Vegetable, fruit, and flowers can be combined in many ways and are a great way to cut down on grocery costs, keep the environment healthy and keep you and your family active and healthy. Remember…start small, use earth friendly products, and keep learning.
Gardens in 2010
We are excited to bring you the beginning of a series of gardens built in the spring of 2010. Many Texans are becoming inspired to refurbish their current garden spaces and we are privelaged to have been there to help them. Stay tuned for more slide shows. Life is a garden, dig it!
Kitchen Window Garden
Raised Bed Gardens
Many people ask us how to choose materials for gardening with edibles – especially when it comes to raised beds. We recommend using natural cedar due to its resistance to rotting. Pine will only last 2 years and termites enjoy munching on it. When dealing with edibles, you should avoid chemically treated wood. Stone is also a good option but the larger the area the more costly. Cedar is by no means low cost but if you have access to free or low cost, fairly straight cedar posts, they work very well.
Here is our work using cedar and stone:
A Native Garden: Using cedar logs for a raised bed garden
This fall we installed a unique garden made with native cedar logs. The design was done by Amy Crowell and the installation took two days. It turned out to be a beautiful garden structure and we look forward to see the beds filled out with the winter veggies. Congratulation Genny!
We also featured Genny’s compost pile in the slideshow because it a a great design example. The first images show the area before our fall rains and then you see the native weeds in the next images. During the build you will notice we use newspaper as our weed block. We have seen the store bought weed block in many yards and neither weeds nor veggies pay attention to the barrier. The one thing that does suffer from the separation of new landscaping and existing soils are the earthworms. Newspaper is biodegradable, and free and helps kill off the initial weeds but eventually decomposes to allow earthworms into your garden. The mulch and a gardeners diligent weeding will eventually rid that area of weeds. We will rephotograph this garden after a few weeks to see the progress.
This garden design took a wonderful, pre-existing terraced front yard in Clarksville and revived two flower beds with compost, organic amendments, herb and vegetable transplants and seeds. The planting was done in early October for a fall/winter garden. We’ll add more photos as the plants come in.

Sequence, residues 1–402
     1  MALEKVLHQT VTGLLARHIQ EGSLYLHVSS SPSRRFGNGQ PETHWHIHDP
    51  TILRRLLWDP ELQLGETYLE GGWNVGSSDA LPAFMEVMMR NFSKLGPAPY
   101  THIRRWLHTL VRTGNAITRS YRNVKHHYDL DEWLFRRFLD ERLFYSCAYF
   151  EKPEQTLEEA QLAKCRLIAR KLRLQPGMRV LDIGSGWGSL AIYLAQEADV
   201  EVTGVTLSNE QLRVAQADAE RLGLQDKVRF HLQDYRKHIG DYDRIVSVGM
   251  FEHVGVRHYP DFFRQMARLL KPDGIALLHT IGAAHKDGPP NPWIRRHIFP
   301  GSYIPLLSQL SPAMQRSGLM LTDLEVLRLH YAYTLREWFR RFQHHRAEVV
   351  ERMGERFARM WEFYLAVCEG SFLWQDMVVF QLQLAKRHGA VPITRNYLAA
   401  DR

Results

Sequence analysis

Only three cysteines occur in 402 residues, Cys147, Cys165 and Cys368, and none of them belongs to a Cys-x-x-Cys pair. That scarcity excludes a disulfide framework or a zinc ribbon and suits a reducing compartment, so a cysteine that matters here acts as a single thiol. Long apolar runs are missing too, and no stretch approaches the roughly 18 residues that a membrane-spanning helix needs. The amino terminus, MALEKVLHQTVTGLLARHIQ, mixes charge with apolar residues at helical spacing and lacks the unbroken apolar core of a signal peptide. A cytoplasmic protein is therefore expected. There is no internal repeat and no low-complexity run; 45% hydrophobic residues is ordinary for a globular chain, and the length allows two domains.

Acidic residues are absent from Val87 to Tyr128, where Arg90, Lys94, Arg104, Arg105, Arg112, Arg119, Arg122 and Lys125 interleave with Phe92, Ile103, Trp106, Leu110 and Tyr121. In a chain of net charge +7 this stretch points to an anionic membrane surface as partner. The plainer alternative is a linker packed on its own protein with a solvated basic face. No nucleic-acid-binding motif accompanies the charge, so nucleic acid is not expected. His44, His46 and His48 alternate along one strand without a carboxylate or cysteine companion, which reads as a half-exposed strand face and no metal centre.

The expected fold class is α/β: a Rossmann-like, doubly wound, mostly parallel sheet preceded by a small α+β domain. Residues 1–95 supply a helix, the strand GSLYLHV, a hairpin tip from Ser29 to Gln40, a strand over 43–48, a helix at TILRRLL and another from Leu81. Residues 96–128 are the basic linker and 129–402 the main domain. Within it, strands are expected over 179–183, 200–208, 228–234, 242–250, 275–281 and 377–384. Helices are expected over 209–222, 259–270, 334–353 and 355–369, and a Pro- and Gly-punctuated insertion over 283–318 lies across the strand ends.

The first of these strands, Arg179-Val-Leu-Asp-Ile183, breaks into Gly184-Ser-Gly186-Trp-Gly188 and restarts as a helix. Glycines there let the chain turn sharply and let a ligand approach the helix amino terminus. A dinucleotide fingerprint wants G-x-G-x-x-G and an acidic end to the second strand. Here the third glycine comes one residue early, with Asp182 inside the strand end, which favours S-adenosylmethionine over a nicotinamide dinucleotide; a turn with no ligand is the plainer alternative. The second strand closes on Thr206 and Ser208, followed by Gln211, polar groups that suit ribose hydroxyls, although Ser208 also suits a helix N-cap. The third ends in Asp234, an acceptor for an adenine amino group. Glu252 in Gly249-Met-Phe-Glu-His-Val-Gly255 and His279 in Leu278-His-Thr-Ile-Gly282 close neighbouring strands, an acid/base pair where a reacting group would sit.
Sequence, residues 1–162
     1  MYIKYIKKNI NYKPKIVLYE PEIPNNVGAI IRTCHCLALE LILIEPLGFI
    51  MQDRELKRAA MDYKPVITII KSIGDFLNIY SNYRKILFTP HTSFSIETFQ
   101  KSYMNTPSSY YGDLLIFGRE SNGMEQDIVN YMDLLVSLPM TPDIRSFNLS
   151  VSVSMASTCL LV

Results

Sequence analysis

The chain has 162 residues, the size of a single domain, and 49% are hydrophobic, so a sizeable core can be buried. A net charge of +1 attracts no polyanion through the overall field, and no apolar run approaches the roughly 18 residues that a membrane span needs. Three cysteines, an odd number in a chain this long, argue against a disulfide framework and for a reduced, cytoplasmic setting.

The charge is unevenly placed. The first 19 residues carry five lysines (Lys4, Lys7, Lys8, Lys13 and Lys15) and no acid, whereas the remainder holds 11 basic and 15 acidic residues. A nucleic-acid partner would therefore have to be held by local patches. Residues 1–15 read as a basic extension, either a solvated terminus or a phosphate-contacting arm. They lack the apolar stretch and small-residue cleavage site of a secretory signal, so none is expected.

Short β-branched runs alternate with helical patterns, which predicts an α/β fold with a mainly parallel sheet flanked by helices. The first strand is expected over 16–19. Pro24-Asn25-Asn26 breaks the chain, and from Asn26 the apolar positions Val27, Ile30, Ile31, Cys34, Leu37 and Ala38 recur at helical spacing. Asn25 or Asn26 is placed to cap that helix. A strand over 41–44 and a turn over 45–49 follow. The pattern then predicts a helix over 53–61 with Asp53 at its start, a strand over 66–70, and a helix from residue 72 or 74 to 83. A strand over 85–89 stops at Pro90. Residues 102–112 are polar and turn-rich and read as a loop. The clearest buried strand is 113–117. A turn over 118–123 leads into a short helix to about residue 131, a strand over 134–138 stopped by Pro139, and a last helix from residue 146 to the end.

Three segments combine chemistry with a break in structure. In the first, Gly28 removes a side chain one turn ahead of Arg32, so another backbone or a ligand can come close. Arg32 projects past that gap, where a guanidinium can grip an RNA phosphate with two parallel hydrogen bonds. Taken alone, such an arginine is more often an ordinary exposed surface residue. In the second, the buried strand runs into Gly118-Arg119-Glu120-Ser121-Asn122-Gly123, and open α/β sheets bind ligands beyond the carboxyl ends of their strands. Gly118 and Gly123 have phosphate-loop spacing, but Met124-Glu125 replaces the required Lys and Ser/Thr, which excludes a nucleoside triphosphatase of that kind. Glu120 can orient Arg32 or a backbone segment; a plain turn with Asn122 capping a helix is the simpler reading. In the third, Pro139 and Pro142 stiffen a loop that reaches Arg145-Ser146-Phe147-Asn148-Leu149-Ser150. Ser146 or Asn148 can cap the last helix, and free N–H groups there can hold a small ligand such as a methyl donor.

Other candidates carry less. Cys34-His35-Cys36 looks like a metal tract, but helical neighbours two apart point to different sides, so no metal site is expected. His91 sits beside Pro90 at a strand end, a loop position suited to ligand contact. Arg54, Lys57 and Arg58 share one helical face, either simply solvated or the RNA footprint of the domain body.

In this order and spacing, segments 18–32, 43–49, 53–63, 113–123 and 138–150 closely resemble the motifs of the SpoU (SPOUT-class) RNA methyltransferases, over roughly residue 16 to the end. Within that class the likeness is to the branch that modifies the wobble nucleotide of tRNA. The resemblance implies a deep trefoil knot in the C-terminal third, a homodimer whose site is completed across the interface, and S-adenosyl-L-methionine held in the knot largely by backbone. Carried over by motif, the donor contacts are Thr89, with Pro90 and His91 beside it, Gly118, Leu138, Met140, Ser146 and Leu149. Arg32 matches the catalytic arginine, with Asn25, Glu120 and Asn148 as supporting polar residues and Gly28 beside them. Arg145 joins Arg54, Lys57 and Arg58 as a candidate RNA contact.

Simple Starter garden
This was one of our last spring gardens to go in – two small starter beds. While it suffered in the crazy heat and dry spell that was to come it has started to produce this fall. Sorry to take so long getting the photos up! From the photos you can see the area gets dappled sunlight part of the day which is a bonus in the Texas summer.
Here is a basic garden we designed for 2-4 people. It’s designed with a small footprint so it doesn’t take up much space. A vertical garden on the north end extends the growing area for vining plants.
The Quilter’s Garden
A winter garden design and installation in Round Rock, TX was inspired by intensive raised bed gardens and Square Foot Gardening methods. The garden holds fall and winter crops that feeds 4-5 people. It includes several strawberry plants for overwintering which were a special request as a child’s treat in the spring. This garden has a kid-friendly design by incorporating colorful Swiss chard, two colors of carrots, jewel colored beets, strawberries and snow peas. See new spring pictures of this garden! It’s beautiful!
This is the first of 3 beds written about in the post entitled Farm Homestead Revival. It incorporates 2 main garden areas composed of multiple narrow 4-foot wide linear beds, accessible by 2-foot wide foot paths throughout. In total, when fully planted out this garden encompass 1,440 square feet of bedding space! Jen included a 3 year suggestion for plant rotation emphasizing companion planting and cover crops to capture some nitrogen which is low in the soil. The second bed is now in and Goat Farm Gardens is born. We’ll post that design soon.
English Herb Garden
The following design was a small infill herb garden. Its location was beside the driveway, walkway and stairs leading in to the house’s kitchen. A narrow planting bed would provide enough room for some fresh herbs to be used in cooking. Existing landscaping timbers were incorporated in to the design to save money and build up the bed along with a wall of small river rocks.
This garden converted a poolside cactus patch to veggies. We had fun surrounding this pool area with green herbs and vegetables instead of prickly plants and heat-holding rocks. It’s also kid-friendly and accessible. See pictures and a time-lapse video of the install in this blog post.